There’s a lot [of equity] that’s chasing deals, and we certainly hear from a lot of different equity sources. We’re able to be pretty selective about who we partner with, and the lenders that we’re working with. Those top-tier lenders that know this space, I think are being reasonably selective about their underwriting of projects. There are obviously a lot of smaller and regional banks in the country that find the industry appealing, see that it’s performed better than a lot of other real estate sectors through the cycles, and don’t fully understand the risks, and will then be much more free with their funds.
So, there’s a lot of concern about overbuilding. We’ve seen that in some of the markets that we’re involved in.
It’ll eventually get absorbed, and I think we can all do well, but if you’re not well-capitalized, that can create failures and … we have our ear to the ground for value-add acquisition opportunities.
It kind of depends on how those deals come through. If they hit the market, I still think there’s a lot of buyers, and they get bid up and priced at a point that’s not attractive to us; and so, I think it’s just an area that we have to be cautious in what we look at and be selective.
You’re open to acquisitions, but most of Merrill Gardens’ growth has been through development since you restructured the portfolio in 2013?
Yes, since that time, it’s been development.
We’re developing roughly two to three properties a year … Sometimes they get punched up a little bit more than we’d like, and we opened seven properties within about a nine-month period. Five of those seven leased up within 12 months, which is unheard of, but we did.
But our typically pace of development is about two to three a year.
We have a number of sites that we own and [are] moving towards those construction starts, and probably half a dozen sites that we’re looking at currently.
The seven properties that opened within nine months, when did those openings happen?
The end of 2017 to early 2018.
Are you looking at new markets or do you want to keep your footprint where it is today?
That would be another change that transpired with those 38 properties that we transitioned out of in 2013.
A lot of those properties were more suburban-oriented communities that were outlying major metro areas, and since then, our focus has been more on urban town center developments.
We really look at the walkability factor. It’s a very different experience for, particularly, an independent resident, to be able to live in a community where, within a few blocks of them, they have a lot of things that they can access and do.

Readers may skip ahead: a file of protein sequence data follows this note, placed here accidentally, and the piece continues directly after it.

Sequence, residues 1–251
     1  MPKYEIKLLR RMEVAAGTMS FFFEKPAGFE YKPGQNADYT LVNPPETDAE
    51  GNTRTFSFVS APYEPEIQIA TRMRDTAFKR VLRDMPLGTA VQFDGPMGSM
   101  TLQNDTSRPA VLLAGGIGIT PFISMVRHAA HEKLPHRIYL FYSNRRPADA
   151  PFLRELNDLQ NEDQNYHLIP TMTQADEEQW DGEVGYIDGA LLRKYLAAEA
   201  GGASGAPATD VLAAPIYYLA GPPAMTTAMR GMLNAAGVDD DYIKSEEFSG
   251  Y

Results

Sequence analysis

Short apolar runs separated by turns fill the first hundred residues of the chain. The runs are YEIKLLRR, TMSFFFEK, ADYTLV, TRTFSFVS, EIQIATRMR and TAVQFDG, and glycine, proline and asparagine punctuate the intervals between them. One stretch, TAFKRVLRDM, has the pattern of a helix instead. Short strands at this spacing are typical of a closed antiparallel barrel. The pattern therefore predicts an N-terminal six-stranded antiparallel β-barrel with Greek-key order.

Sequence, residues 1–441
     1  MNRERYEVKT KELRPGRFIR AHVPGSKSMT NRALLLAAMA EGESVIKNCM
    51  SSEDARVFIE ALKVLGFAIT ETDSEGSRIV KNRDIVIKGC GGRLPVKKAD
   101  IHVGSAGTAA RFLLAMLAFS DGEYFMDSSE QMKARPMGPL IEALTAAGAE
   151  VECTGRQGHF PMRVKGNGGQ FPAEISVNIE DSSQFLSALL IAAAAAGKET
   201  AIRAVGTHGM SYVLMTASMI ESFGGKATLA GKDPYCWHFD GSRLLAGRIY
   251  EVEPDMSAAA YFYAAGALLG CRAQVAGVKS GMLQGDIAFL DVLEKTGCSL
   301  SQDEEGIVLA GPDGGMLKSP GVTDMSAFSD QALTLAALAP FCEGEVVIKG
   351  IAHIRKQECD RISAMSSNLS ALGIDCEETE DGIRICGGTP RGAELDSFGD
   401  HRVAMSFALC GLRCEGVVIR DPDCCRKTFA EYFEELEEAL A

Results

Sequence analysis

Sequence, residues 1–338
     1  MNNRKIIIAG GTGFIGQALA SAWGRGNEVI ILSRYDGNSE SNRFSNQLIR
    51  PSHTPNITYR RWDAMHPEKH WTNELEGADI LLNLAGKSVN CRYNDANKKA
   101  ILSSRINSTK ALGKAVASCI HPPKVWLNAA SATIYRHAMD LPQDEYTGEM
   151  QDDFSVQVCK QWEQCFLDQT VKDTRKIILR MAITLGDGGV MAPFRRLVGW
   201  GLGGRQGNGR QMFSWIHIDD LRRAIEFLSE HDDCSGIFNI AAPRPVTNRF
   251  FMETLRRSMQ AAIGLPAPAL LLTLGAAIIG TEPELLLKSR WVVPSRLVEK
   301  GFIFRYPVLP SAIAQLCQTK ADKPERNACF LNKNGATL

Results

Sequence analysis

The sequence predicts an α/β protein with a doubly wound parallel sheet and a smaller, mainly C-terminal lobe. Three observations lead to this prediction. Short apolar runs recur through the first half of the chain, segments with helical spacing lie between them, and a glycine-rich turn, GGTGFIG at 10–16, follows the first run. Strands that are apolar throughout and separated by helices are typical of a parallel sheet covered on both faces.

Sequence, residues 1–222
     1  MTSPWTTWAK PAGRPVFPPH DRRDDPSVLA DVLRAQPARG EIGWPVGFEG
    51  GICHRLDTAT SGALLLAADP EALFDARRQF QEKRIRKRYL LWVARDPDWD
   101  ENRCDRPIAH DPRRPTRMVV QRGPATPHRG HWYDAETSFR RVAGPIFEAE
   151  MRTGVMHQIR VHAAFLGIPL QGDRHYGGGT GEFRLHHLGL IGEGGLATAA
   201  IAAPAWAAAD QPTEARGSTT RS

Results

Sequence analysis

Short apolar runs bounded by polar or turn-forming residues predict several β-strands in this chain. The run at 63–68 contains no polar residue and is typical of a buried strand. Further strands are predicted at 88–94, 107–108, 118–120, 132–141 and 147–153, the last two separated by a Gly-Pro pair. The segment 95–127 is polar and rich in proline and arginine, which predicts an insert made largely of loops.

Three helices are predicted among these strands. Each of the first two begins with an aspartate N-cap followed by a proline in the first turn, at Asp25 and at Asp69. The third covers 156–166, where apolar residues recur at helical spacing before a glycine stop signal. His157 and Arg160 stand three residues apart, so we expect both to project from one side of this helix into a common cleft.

If you’ve got to get on a bus or get in your car, that’s a barrier that can be very significant to that enhanced lifestyle of being able to really enjoy the community amenities; and so, we focused our developments primarily, not exclusively, on these urban town center locations; and that, I think, has been one of the catalysts of this incredibly powerful lease up that we’ve seen in those communities.
And those mixed-use communities create an intergenerational experience, too?
The location that a Millennial enjoys is the very same location that a senior resident is looking for. We have two side-by-side communities in Burien [Washington], that we built about the same time.
One of them is one of our Pillar Properties communities that’s multifamily apartments, and right next to it, a Merrill Gardens community.
There are shops and cafes on the main street there. There’s a transit center a block away.
It’s been very successful to focus on those areas. The cost of land can be more expensive, and sometimes it’s underground parking versus surface parking, and all those things that add up to the cost of the community, but it’s in a location where we find that the resident population is willing to pay for that.
If you found a site like that in the Northeast or the Midwest, geographies where Merrill Gardens isn’t operating right now, would you consider that?
Our operating model includes our regional support teams that are very involved in the communities. I wouldn’t say we would never do something outside of our current footprints. But, it is more challenging. Our focus is primarily on the West Coast and the Southeast.
Looking at the balance sheet, what are areas of concern? Labor costs?
Labor is a top-of-the-list [concern] for all of us [in the industry]. That encompasses minimum wage movements that drive up costs not just in the lowest level but throughout the organization.
I think what it does is give us more of a laser focus on how to manage those costs. It goes all the way from hiring the right team members, to how to assess them and understand them, and how to be clear with them about what the job is, how to create opportunities for them to grow and progress, to be able to retain them so they don’t need to leave to find advancement and opportunities.
I think there are tangible ways that we can make a difference in that, and that has a real bottom-line effect. The other thing I would say is the general manager, the ED, is absolutely critical in making the right hires in that area, as well as sometimes making the right changes, if someone’s not the right fit.
Other focus areas?
The other area of operational focus is in care … making sure that we are assessing the residents properly and providing the care that they need, and that we’re staffed appropriately for providing that care and not overstaffed.
That’s another area of labor that we can manage … We don’t want to be understaffed and we don’t want to be overstaffed. You know, having excess hours for staffing costs money. At the same time, we want to make sure that we are billing for the care that we’re providing.